Indeed, 92 year old Franca Fadda Silvetti still remembers the time when she used to live at Cala d’Oliva with her family on Asinara. In her autobiographical book ‘La mia Asinara: ricordi di una maestra’, she describes her 33 years residing on this island where her husband Vindice had been appointed as the prisons’ doctor and where she worked as a primary school teacher of the other workers’ young children. Interestingly, Franca has many positive memories of Asinara even though it was a penitentiary island. When I asked her whether she ever felt afraid or in danger on such a remote place inhabited by prisoners, she adamantly insisted that this was never the case. To make her point, she confirmed that some reliable prisoners were allowed to work outside the prisons during daytime and one of them used to take care of her house and to baby-sit with her young children while she was at work! Now that Franca is widowed, her nostalgic memories of the island’s beautiful environment are even stronger and yet she has never found the courage to return to Asinara from the day when all the island’s inhabitants were ordered to leave the place. Franca wonders whether the decision to leave the island in a state of abandonment was better than having allowed it to remain inhabited by a ‘strange’ population as it was back in 1952 when she put her first steps on that land which had remained so dear to her. She conceded that she decided to write her book in memory of the delightful moments that she and her family have enjoyed on the island so that even today’s readers could get a glimpse of how Asinara used to be.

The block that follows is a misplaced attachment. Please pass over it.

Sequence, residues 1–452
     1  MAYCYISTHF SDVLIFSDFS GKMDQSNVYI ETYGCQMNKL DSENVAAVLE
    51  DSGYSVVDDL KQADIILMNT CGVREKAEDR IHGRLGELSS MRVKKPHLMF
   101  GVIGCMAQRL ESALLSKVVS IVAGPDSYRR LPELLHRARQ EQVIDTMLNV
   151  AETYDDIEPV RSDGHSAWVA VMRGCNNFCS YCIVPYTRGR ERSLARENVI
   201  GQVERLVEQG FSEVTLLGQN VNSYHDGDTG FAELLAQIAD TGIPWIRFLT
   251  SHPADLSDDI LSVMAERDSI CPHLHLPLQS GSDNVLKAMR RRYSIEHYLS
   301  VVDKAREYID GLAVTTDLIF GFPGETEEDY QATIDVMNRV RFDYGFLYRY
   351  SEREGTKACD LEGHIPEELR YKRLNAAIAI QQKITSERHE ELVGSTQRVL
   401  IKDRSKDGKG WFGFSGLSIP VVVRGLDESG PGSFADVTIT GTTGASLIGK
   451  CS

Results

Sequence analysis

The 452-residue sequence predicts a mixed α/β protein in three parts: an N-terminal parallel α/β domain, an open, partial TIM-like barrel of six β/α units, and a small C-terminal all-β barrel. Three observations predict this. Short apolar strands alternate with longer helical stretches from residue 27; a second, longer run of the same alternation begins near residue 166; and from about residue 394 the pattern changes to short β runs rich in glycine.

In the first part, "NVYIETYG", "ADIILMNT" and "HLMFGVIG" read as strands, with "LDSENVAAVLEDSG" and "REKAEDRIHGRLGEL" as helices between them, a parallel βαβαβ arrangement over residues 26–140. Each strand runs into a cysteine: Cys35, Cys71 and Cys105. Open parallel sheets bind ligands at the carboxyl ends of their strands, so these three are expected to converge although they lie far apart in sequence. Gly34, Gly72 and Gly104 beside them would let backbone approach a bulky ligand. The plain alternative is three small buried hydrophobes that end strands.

Certainly those who visit Asinara will also get the opportunity to swim in the crystal clear blue sea of three particular beaches which have been selected for the use of tourists. Impressively, various sizeable fish swim confidently among the visitors as if aware that they are protected in this nature reserve. In the background, from time to time, the magnificent silence on the island is pierced by the shrill neighing of Asinara’s donkeys.

    Once the visit is over and the rented boat takes you away from Asinara, you can easily feel Franca’s nostalgia for this land which can overwhelm you with different sensations. Should you desire a longer stay on this peculiar sanctuary, there is a small restaurant and a basic hostel.

    (An edited version of this article was published in the Travel Section of the Times of Malta dated 6th October 2013)

    2013.10.06 / no responses / Category: Times of Malta